WEDNESDAY, FEBRUARY 19, 7:30 P.M., KAUL AUDITORIUM POETRY READING AND BOOK SIGNING: SONIA SANCHEZ
Sonia Sanchez is the author of over 16 books including Homecoming, We a BaddDDD People, Homegirls and Handgrenades, Wounded in the House of a Friend, and most recently Shake Loose My Skin. Her honors include a National Endowment for the Arts grant, an American Book Award, a Pew Fellowship, the Langston Hughes Poetry Award, and the 2001Frost Medal for Distinguished Achievement from the Poetry Society of America. A founding member of the "Broadside Quartet," Sanchez is also known for her involvement in the civil rights movement and later in the black arts movement. She has lectured and has read her poetry widely nationally and internationally. Sponsored by Reed's Multicultural Enrichment Committee with support from Reed Arts Week (RAW), Reed's division of literature and languages, and the Reed visiting writers series.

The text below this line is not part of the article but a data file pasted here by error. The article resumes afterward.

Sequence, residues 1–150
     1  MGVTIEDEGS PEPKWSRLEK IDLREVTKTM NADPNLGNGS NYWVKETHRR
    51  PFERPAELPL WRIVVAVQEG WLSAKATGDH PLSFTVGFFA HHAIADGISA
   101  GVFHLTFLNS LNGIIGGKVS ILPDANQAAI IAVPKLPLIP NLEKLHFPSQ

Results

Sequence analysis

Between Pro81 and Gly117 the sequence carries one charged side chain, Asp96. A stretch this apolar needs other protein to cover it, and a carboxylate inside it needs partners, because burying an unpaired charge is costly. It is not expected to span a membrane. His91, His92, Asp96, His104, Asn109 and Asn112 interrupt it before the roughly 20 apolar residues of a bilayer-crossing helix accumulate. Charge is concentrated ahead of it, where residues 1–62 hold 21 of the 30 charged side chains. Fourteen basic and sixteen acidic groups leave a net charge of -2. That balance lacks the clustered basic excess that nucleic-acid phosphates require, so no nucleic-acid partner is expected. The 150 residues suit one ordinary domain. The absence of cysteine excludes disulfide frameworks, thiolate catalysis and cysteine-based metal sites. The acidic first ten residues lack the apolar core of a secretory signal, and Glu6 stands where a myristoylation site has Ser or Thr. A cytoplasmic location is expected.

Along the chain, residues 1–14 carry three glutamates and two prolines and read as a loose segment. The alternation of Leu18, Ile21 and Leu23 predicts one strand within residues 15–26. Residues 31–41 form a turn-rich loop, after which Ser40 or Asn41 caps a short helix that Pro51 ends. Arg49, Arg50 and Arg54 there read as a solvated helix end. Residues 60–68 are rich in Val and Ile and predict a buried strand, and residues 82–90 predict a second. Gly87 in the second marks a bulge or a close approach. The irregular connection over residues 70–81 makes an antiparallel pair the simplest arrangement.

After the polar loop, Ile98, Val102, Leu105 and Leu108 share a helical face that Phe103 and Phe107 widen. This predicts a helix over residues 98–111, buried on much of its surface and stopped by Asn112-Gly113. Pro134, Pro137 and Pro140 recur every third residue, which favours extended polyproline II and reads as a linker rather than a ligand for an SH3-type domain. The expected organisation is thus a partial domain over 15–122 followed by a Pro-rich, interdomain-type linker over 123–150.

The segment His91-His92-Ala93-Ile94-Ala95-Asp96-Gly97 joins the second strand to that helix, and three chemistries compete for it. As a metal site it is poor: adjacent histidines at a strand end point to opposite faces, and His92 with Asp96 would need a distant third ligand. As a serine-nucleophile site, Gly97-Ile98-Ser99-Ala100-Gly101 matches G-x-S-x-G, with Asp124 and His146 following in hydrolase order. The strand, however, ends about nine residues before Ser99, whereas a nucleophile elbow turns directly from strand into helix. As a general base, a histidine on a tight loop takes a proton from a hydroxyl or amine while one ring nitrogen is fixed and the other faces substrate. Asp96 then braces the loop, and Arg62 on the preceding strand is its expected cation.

ever wonder 02.Feb.2003 20:14

Mehgun

Do you ever wonder why Black History Month is the shortest month of the year?

it should seem even shorter 03.Feb.2003 06:14

strange days..or not

february should seem even shorter with an increase of strange stuff being reported to provide cover for GWB and "." and "Bush Admirer". at least they'll be keeping busy, ain't that right BA, . ?

reed students hear me 05.Feb.2003 20:28

Efeni

maybe if you had had a proper WHITE history class you priveledged bunch that can afford to get into reed would have thought way more than twice about continuing the gap and increasing the institutionalized racism that has ohhhhh fuck it's bad. You could have used your tuition money to help the oppressed people more than attending some lecture on black people you will never live amongst. Drop out suckers live with and for the people. come to the northeast and organize a self education is the best any way. Better than some punk yapping about freud. The language you learn as a reed intelectual is racist it does not reach the people. REVOLUTION for and by all